First Republic Bank has reached an agreement with some of the largest U.S. banks to stabilize its balance sheet in the aftermath of the Silicon Valley Bank collapse, federal regulators said Thursday.
The San Francisco-based bank will receive $30 billion in deposits from 11 banks, according to a joint statement from the Federal Reserve, Treasury Department and Federal Deposit Insurance Corporation.
“This show of support by a group of large banks is most welcome, and demonstrates the resilience of the banking system,” they said in a statement.
Bank of America, Citigroup, JPMorgan Chase and Wells Fargo are each depositing $5 billion, the banks announced in a statement. Goldman Sachs and Morgan Stanley are depositing $2.5 billion each.
“The actions of America’s largest banks reflect their confidence in the country’s banking system,” the group of 11 banks said. “Together, we are deploying our financial strength and liquidity into the larger system, where it is needed the most.”
The financial institutions said that regional banks such as First Republic are “are critical to the health and functioning of our financial system.” They added that the U.S. banking system remains safe and well-capitalized.
“Recent events did nothing to change this,” the banks said.
The bank-to-bank bailout — which had the blessing of the U.S. government — came as First Republic Bank faced the threat of an exodus from investors and depositors.
First Republic’s stock fell 66 percent over the last week amid concerns that the bank wouldn’t have enough cash to handle an influx of withdrawals.
First Republic, like Silicon Valley Bank, has used a large chunk of its deposits on long-term investments that lost value over the past year due to interest rate hikes from the Federal Reserve.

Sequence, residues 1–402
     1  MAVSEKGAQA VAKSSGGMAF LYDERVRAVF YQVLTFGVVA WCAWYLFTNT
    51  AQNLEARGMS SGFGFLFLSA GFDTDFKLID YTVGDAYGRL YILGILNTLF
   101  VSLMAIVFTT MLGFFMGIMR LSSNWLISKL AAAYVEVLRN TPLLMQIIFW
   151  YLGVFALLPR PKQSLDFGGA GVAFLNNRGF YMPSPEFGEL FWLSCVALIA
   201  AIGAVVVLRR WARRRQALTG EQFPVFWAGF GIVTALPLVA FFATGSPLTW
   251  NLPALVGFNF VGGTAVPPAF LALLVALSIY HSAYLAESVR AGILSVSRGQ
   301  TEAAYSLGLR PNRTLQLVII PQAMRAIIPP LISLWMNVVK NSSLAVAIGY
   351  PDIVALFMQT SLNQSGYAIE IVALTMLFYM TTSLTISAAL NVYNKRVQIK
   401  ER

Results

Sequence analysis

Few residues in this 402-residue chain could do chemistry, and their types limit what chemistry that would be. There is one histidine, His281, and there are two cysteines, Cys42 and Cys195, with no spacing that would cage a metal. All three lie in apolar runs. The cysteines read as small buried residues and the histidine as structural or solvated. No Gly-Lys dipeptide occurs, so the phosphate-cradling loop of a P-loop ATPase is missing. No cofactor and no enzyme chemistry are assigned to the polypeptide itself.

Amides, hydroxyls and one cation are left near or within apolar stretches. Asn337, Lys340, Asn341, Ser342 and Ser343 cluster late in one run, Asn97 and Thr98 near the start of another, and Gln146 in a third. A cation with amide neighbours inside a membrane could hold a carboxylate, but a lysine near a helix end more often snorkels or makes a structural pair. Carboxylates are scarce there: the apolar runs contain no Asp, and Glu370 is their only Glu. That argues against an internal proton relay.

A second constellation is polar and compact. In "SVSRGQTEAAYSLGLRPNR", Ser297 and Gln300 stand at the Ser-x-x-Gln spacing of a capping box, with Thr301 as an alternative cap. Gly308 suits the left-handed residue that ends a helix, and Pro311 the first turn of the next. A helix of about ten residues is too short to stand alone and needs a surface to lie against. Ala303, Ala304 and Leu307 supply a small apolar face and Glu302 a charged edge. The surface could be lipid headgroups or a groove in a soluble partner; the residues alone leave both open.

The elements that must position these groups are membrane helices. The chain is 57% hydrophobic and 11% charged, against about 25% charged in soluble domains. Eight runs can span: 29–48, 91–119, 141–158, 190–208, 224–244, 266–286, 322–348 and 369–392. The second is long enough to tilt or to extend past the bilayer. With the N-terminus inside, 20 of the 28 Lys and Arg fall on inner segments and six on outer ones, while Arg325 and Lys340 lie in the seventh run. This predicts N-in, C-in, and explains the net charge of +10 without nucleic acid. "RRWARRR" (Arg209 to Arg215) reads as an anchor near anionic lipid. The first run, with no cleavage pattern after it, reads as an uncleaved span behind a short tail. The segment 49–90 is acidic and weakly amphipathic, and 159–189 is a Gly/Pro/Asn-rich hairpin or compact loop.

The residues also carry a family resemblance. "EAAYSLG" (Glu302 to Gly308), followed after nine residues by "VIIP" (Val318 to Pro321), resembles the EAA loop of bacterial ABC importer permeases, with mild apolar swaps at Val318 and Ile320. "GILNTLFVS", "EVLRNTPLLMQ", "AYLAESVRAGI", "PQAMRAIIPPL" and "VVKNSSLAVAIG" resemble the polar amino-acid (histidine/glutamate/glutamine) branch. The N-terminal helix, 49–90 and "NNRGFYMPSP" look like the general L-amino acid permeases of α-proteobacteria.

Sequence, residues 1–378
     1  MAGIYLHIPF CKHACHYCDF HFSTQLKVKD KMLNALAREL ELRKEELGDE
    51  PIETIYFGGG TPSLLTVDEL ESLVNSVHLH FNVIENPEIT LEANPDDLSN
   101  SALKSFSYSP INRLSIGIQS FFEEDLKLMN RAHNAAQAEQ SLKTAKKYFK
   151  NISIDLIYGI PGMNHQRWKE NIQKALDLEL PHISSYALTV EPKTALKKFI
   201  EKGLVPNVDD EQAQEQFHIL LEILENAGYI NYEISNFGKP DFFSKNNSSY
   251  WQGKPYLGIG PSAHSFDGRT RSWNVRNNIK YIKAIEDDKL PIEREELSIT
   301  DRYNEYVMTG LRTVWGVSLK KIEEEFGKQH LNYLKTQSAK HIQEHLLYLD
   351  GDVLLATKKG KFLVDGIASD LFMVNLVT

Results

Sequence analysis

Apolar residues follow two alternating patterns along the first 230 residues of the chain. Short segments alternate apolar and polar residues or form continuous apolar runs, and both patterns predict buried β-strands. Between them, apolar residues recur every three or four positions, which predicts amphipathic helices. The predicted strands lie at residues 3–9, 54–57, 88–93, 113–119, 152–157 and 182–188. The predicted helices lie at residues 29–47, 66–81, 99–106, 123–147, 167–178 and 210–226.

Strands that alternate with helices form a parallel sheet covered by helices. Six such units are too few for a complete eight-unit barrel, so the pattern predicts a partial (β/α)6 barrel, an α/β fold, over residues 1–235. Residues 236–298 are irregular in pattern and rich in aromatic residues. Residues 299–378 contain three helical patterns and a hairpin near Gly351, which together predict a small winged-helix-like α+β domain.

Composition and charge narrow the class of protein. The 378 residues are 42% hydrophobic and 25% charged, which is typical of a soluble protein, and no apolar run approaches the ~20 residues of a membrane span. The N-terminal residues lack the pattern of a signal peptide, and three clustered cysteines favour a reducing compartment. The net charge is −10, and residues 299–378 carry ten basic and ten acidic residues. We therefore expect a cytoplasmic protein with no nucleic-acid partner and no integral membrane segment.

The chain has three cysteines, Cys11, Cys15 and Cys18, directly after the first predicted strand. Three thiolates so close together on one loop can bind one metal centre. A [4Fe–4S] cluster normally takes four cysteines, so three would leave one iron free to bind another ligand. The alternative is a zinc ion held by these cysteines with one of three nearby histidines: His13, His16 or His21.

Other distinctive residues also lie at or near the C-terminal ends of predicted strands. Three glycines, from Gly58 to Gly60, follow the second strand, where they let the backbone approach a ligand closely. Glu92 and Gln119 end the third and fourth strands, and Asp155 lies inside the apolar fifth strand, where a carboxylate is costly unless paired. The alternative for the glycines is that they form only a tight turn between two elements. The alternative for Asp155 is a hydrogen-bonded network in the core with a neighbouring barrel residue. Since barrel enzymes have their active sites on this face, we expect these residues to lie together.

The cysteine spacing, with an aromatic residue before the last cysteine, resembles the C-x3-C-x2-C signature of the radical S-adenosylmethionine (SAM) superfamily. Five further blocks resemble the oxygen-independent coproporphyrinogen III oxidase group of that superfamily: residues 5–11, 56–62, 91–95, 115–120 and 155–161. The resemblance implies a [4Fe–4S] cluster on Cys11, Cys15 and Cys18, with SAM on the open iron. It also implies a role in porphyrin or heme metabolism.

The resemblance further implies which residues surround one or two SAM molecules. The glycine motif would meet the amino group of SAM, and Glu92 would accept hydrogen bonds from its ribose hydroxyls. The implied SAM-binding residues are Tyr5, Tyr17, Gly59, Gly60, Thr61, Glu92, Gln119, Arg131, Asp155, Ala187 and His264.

Around 68 percent of the bank’s deposits are uninsured, according to S&P Global, higher than many of its competitors but lower than Silicon Valley Bank’s 94 percent.
Credit rating agency Moody’s weighed downgrading First Republic this week, noting that the high rate of uninsured deposits could prompt depositors to swiftly move their money elsewhere.
“If it were to face higher-than-anticipated deposit outflows and liquidity backstops proved insufficient, the bank could need to sell assets, thus crystallizing unrealized losses on its [securities],” Moody’s analysts wrote.
Bloomberg News first reported the news of the $30 billion bailout on Thursday.
The effort to rescue another bank from going under came as the U.S. banking system faced an apparent crisis of confidence.
Federal regulators on Sunday guaranteed all deposits at the failed Silicon Valley Bank and Signature Bank in an effort to restore public trust and prevent more bank runs.
“This week’s actions demonstrate our resolute commitment to ensure that our financial system remains strong and the depositors’ savings remain safe,” Treasury Secretary Janet Yellen told the Senate Finance Committee Thursday.